CARACAS – Tired of walking the streets and begging for food for her four-year-old grandson, Venezuela’s Carmen Bellorin sits near a busy avenue in Caracas in hopes that a compassionate soul will stop by. Any type of charity will be more than welcome, whatever might help fill the young boy’s stomach.
A short while later, her prayers are heard and three people step out of a vehicle carrying clothing and toys – items that her grandchild also needs.
Other people come by later carrying prepared meals. As luck would have it, this time the 45-year-old woman and the small boy only need to open the containers of food and start eating.
“I don’t have anything, it’s true. It makes me sad sometimes to say it. I walk around looking, asking,” Bellorin told EFE after receiving the donations.
Not far away, a score of people gather to receive the same donations of second-hand clothing, toys and ready-to-eat meals.
Like them, thousands of people in Venezuela, a country racked by a years-long economic crisis, take to the streets every day in search of the basic necessities of life.
And the situation has only worsened due to the coronavirus crisis, with the incomes of the poorest members of the population having shrunk amid the government-imposed week-on, week-off lockdown aimed at controlling the spread of COVID-19.
“I’m unemployed. I’m not doing anything at the moment,” Bellorin, a resident of Petare, a giant slum that is part of the Caracas metro area, told EFE when asked why she is forced to beg on the streets.
Some knock on the doors of houses and others look for handouts outside supermarkets or restaurants, where they often are fortunate to receive leftovers or food that has either gone unsold or is approaching expiration.
“Especially on Sundays. I go ... to a restaurant where they sell empanadas (stuffed pastries), mainly to ask for the boy, so he can eat,” said Bellorin, who has been taking care of the youngster since his teenage mother stopped providing for him.
One of those helping serve the needs of Venezuela’s neediest is Manuel Santos, a small shopkeeper who tells anyone who will listen that people have an obligation to give some of what they have to the most underprivileged.
“Our motto is give, give, give, to go out every day with something to give to someone; someone will need it,” the 52-year-old told EFE after donating clothing and toys to Bellorin, her grandson and the other group of around 20 people.
In 2016, when thousands of households went hungry amid a peak in the nation’s economic crisis, Santos and his wife, Geraldine Fernandez, joined with friends to donate their extra supplies of food.
That group of five people goes by the name “Bocados de Felicidad” (Mouthfuls of Happiness), although they are not officially a non-governmental organization or a non-profit foundation.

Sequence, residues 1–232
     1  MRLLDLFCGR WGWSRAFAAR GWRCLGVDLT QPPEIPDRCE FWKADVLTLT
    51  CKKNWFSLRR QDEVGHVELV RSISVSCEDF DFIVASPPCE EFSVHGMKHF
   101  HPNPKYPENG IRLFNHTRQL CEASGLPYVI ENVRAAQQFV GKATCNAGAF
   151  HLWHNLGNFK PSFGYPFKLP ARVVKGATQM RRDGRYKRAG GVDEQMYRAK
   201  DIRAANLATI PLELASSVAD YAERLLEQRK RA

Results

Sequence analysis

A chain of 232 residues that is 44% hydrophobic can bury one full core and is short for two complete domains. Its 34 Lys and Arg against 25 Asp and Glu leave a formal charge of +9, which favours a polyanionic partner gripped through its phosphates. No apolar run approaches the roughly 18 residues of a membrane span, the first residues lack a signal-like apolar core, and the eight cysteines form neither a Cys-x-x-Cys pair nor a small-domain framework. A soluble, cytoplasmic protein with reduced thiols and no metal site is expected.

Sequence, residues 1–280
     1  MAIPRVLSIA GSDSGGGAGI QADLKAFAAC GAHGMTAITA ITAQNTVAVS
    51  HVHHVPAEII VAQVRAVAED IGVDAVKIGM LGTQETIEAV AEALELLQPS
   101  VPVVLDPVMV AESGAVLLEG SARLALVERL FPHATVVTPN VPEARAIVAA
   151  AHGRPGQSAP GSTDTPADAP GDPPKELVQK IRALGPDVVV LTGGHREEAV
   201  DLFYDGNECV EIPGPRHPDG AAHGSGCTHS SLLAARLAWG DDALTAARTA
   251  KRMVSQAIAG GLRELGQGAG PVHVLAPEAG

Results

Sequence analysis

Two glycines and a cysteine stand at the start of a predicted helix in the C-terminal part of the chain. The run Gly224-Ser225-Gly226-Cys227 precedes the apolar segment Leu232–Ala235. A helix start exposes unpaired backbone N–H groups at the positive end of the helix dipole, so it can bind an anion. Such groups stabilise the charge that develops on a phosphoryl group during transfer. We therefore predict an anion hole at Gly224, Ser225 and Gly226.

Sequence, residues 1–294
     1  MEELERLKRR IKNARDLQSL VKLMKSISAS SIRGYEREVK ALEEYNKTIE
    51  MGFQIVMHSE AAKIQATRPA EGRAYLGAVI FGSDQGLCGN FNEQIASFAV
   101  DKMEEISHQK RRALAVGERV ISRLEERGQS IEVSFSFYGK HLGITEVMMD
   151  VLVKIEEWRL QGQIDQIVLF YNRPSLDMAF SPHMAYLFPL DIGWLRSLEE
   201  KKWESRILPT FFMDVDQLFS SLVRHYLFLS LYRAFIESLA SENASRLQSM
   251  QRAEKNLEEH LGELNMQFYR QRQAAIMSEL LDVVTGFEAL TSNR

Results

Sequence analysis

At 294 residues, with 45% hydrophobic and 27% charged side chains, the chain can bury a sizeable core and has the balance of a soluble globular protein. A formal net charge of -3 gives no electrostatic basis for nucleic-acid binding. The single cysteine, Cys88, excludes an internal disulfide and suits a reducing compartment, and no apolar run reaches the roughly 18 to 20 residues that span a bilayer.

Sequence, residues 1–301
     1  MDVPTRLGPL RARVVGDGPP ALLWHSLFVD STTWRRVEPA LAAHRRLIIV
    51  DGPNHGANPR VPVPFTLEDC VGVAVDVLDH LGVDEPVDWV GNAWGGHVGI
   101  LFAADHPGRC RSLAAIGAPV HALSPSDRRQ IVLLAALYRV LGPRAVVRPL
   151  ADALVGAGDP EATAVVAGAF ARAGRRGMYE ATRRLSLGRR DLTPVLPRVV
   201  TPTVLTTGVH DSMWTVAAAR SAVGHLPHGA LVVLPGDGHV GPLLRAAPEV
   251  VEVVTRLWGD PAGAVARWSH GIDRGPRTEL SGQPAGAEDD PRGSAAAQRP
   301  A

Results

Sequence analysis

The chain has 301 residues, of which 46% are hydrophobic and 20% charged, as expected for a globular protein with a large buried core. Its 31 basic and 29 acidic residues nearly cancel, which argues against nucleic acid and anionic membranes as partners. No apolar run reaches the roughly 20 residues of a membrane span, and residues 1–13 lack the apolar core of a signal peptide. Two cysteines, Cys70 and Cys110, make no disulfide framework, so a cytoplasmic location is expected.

“Registering costs money and we prefer to use the money to donate food,” Fernandez told EFE.
But their charitable work is hindered by a lack of resources. Residents of Petare themselves, Santos and Fernandez lack their own vehicle to transport their donations and receive no assistance from anyone outside their own family.
Their modest circumstances mean they are not in a position to provide any luxuries to their own children aged 11 and 17, who experience a mixture of emotions every time they accompany their parents to donate food, clothing and toys.
“They can’t understand how they give without having, and other people, despite having, don’t give,” Santos said. “They’re surprised.”
Around 700 kilometers (435 miles) from Caracas, in the western state of Zulia (which borders Colombia), street artist Ramon Valera recalls a better time when his work in a local circus allowed him to cover his expenses and his economic situation was “stable.”
The 64-year-old, who often is forced to sleep on the streets of the state capital of Maracaibo, now comes up with humorous sketches that he performs in hopes of drumming up some money for food or shelter.
But at the end of the day, Valera only asks God to give him what he needs to survive: good health.
“It’s preferable that God provides for me, although it’s the same to ask. The two things have the same meaning for me,” said the man, who sometimes also receives donations while seated on a bench in the center of the city.
“If they give me (donations) directly, that’s acceptable. I’m not going to rebuff the wellbeing of so many,” he added.
Valera told EFE he will continue to live from his street art and the donations he receives, adding that he feels “proud” of what he does because the money comes after he has won a smile from his city’s inhabitants.